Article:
Sexuality and homelessness in Montreal, Canada

Two people lie together in sleeping bags in the snow


By Karine Bénézet & Simon Bolduc

  • Opinion
Originally published:
Logo for L’Itinéraire

“Inexistent”, “not recognized”, “associated with risk” – the sexuality of marginalized individuals is often viewed through the lens of STIs and physical safety, explains Philippe-Benoit Côté, a researcher at the Montreal Research Center on Social Inequalities and a sexology professor at the University of Quebec in Montreal. But this does not tell the full story.

Pierre and Nicole occupy one of the nine cubicles reserved for couples at the Hochelaga shelter (one of the three shelters managed by CAP St-Barnabé in Montreal), which also houses pets. This is a rarity: in Montreal, there are only 18 beds reserved for couples – 16 in Hochelaga-Maisonneuve and two in the Hôtel-Dieu shelter.

The couple share the space, which is furnished with two bunk beds and a table. But it is difficult for them to enjoy intimacy amid the activity in the corridors between the cubicles, separated only by tarps and two-by-fours.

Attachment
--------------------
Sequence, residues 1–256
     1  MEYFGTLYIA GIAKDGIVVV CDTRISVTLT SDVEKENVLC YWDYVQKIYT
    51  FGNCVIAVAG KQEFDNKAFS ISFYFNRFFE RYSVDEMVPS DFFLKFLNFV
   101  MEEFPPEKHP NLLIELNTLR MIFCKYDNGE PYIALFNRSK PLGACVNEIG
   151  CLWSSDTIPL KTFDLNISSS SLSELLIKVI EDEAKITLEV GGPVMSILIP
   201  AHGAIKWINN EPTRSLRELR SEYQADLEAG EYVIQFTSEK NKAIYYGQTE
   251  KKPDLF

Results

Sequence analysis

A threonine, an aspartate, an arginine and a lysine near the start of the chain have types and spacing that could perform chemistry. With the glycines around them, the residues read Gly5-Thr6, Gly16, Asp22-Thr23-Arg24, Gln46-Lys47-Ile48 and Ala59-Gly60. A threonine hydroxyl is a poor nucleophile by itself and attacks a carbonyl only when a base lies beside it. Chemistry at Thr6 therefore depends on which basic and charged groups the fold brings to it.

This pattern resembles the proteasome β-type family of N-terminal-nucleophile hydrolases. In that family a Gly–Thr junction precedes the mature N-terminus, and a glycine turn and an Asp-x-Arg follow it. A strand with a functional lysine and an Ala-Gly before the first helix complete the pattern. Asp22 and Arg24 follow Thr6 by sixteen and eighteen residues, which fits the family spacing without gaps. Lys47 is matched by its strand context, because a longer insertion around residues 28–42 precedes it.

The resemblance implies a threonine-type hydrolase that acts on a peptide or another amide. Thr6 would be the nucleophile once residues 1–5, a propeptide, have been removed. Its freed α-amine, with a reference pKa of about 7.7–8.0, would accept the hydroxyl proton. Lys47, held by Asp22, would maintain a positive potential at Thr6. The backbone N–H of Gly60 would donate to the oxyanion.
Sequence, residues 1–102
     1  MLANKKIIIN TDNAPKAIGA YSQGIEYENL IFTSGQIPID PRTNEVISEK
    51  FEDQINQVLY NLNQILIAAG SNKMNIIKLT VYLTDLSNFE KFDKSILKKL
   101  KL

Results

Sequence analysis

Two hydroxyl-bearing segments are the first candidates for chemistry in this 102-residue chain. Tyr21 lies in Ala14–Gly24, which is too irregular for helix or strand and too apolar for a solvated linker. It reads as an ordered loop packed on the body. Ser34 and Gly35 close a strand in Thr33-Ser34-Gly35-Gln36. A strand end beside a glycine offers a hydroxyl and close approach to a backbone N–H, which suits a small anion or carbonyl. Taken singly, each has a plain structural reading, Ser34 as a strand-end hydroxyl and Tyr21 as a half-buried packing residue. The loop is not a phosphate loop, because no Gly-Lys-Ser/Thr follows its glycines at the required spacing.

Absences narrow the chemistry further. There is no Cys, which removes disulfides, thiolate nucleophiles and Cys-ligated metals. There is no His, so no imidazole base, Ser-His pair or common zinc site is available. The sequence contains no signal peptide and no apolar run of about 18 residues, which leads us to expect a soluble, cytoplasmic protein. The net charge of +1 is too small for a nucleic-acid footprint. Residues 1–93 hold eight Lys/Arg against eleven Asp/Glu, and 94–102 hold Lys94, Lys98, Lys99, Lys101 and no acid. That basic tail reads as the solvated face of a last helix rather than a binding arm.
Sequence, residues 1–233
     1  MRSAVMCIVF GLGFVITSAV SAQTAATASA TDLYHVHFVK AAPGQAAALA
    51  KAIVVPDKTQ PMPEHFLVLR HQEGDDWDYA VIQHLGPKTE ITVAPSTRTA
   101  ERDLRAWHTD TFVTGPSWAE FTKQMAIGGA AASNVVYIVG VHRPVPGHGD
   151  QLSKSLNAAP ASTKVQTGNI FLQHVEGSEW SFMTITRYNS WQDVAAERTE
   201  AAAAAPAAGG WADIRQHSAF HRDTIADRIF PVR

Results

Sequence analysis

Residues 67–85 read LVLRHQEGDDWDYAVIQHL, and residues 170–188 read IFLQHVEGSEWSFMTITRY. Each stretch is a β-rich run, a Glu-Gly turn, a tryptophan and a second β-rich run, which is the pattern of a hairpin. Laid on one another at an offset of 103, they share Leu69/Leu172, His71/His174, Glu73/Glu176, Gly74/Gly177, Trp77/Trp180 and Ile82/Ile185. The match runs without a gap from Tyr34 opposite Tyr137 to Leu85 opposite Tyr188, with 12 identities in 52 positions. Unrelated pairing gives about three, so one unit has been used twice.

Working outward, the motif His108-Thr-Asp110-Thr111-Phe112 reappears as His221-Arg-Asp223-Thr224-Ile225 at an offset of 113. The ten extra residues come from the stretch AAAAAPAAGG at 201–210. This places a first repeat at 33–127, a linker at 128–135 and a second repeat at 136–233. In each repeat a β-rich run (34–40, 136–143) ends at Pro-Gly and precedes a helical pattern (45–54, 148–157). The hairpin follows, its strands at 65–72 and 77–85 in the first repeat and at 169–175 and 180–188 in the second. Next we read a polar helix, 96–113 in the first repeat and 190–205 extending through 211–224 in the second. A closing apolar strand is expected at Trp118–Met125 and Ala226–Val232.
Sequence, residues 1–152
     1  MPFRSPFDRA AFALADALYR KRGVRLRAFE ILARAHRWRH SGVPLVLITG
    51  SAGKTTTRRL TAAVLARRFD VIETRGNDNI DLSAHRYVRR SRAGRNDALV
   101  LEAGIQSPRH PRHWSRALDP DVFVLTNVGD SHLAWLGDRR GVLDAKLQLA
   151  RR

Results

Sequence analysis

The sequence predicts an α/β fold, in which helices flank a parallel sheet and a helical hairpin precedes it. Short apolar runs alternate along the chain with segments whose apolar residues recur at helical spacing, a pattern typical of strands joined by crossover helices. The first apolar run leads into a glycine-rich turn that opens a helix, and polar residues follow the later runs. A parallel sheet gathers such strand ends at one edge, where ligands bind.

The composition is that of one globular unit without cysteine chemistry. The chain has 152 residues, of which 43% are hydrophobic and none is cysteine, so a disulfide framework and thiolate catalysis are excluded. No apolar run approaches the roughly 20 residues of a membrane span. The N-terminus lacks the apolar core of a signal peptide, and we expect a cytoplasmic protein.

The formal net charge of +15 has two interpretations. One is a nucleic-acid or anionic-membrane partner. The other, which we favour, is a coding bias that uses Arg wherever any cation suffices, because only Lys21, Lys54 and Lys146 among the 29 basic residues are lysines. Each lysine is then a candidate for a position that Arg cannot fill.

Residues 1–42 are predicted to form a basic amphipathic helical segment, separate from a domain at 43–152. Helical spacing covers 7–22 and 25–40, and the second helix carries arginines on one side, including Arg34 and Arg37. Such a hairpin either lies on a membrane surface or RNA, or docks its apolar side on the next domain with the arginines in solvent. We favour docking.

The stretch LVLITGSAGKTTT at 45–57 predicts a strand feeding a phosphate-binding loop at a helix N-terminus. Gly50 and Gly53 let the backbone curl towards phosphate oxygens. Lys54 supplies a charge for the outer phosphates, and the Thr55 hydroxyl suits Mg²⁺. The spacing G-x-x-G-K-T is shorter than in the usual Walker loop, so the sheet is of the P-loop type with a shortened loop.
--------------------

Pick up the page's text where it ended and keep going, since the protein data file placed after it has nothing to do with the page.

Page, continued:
The situation is the same at Hôtel-Dieu, managed by The Old Brewery Mission. A significant difference: the rooms are closed, requiring more vigilance. “Often, we know the couples from the street,” says Émilie Fortier, director of emergency services at the shelter. “We intervene when we have doubts, and if we observe violence in the dynamics between the two individuals or involvement in sex work, we won't tolerate that in our facilities.”

Hervey and his wife Lynda have been celibate since they arrived at the Hochelaga shelter. After a frank discussion, the couple decided to set aside their sexual relationship “until they find housing”. Like Pierre and Nicole, they also sleep separately – the shelter’s modest double mattresses are small for two people. “I miss sleeping cuddled up and peaceful,” says Hervey. “Just that – not even [anything] sexual, but just that – means a lot.”

Catherine Lesage, clinical coordinator for CAP St-Barnabé, believes that it is important to allow couples to sleep together “It’s not just about sexuality,” she says, “but intimate contact with the other person,” which can offer stability in challenging situations.